This delicious Oriental herb will "spice up" your garden or windowsill, as well as your cuisine.
Growing herbs is a downright satisfying experience. After all, the little food enhancers not only add a variety of attractive foliage to the garden, but are also indispensable in the kitchen.
And if you're looking for a touch of the exotic to add to your culinary creations, you might like to try garlic chives . . . an herb that's long been used in Chinese cooking to intensify the flavor of stir-fried vegetable and meat dishes. (In fact, many Oriental homes maintain a large patch of the flavoring right outside the door.)
A cousin of the onions — they all belong to the genus Allium — this hardy plant is easy to grow (either outdoors in your garden or indoors in a pot) . . . requires only minimal care . . . and yields thick clusters of grassy leaves. What's more, the herb's mild flavor provides a delightful alternative to the stronger taste of regular garlic.
PLANTING AND CULTIVATION
You can grow your own supply of the savory vegetation from seeds or starter plants. In either case, give them a sunny spot and water them well. Within a few months the shoots will develop into grassy clumps approximately 8 to 10 inches across and 12 to 16 inches high . . . both broader and taller than domestic chives.
The herb is a hardy cultivar that can survive prolonged periods of drought . . . but under dry conditions the plants won't produce much of their flavorsome foliage, so you may want to mulch the bed with moisture-retaining straw. And to protect the stand from encroaching weeds, it's a good idea to encircle the area with stones, discarded chunks of cement block, or old boards.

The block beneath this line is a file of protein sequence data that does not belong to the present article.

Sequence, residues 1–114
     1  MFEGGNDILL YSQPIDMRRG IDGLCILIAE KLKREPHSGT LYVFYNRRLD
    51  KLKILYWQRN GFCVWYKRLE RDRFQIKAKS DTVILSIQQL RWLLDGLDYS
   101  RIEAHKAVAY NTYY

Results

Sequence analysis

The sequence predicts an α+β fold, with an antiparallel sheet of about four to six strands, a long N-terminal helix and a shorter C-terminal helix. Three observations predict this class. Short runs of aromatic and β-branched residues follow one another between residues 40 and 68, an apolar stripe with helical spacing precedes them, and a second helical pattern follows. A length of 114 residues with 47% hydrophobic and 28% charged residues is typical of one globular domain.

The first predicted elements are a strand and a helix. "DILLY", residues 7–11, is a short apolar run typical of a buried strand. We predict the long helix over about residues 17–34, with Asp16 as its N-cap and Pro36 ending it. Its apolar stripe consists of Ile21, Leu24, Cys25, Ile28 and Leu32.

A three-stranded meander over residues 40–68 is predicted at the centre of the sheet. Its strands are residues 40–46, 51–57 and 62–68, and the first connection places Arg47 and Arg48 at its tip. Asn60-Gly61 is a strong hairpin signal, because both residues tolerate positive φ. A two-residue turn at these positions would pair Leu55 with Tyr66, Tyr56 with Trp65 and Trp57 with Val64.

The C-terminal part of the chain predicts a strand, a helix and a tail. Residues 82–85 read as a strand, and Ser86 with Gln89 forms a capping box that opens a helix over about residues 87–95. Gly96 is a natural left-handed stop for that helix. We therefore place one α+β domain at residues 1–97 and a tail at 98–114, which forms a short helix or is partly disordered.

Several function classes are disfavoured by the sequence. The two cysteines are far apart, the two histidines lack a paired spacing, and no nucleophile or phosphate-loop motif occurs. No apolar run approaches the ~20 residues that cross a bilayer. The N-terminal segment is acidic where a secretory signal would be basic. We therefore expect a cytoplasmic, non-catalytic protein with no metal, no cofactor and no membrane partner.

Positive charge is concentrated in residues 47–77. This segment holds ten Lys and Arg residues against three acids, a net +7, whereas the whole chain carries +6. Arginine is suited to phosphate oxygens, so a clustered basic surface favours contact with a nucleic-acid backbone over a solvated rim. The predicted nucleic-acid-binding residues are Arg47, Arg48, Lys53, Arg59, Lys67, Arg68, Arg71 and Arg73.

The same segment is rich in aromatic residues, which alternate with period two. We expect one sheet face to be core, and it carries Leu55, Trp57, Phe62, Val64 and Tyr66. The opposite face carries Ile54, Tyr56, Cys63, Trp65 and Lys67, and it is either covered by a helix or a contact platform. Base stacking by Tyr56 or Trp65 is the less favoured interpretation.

Although garlic chives are resistant to subzero temperatures, you might like to transplant some to a pot during the colder months, to brighten your kitchen windowsill. In order to move the Oriental herbage indoors, just cut out a six-inch circle from an existing clump-making sure that you don't slice off the bulbous roots-and press the mass into a medium-sized planter. Trim the leaves down to their thick stems, add more soil to the pot . . . and watch new growth appear within 24 hours!
If you want your potted garlic chives to sport abundant foliage, however, you'll need to keep them well supplied with food and drink: We fertilize our potherbs with fish oil emulsion and water them with homemade "manure tea".
You can cut the flat, aromatic leaves — for seasoning purposes — as soon as the plant has reached a height of four inches ... and that operation should be done before the small white flowerheads appear on the stalks. (In order to keep your indoor plants full, however, you should maintain at least two pots, so that you can "rotate your crops" and allow each one to grow for a few weeks between cuttings.)
When you're ready to add the herb to a recipe, snip off the leaves about three inches above the soil, and chop them into quarter-inch pieces. Garlic chives should be used immediately after pruning, since the pungent flavor disappears if the foliage is stored for even a few hours. (For that reason, this variety can't be successfully dried and preserved for later use, as can many other herbs . . . which is why the condiment isn't often commercially available.)
We add the fresh herbal bits to sandwiches, salads and dressings, and meats. They're also delicious sprinkled on top of soup just before it's served. Recently, when entertaining some guests for dinner, we arranged steaks on a bed of colorful garlic chives ... actually more for decoration than for flavor. Well — as you may have guessed — our friends ate and enjoyed the tasty garnish right along with the meat!
If you'd like to add garlic chives to your collection of homegrown herbs, you can order a packet of seeds (for 75¢) from Burpee Seed Company, Dept. TMEN, 300 Park Avenue, Warminster, Pennsylvania 18991. But you'd better buy and plant several packages . . . because as soon as your neighbors taste the savory leaves, they'll be asking for transplant cuttings from your windowsill or garden!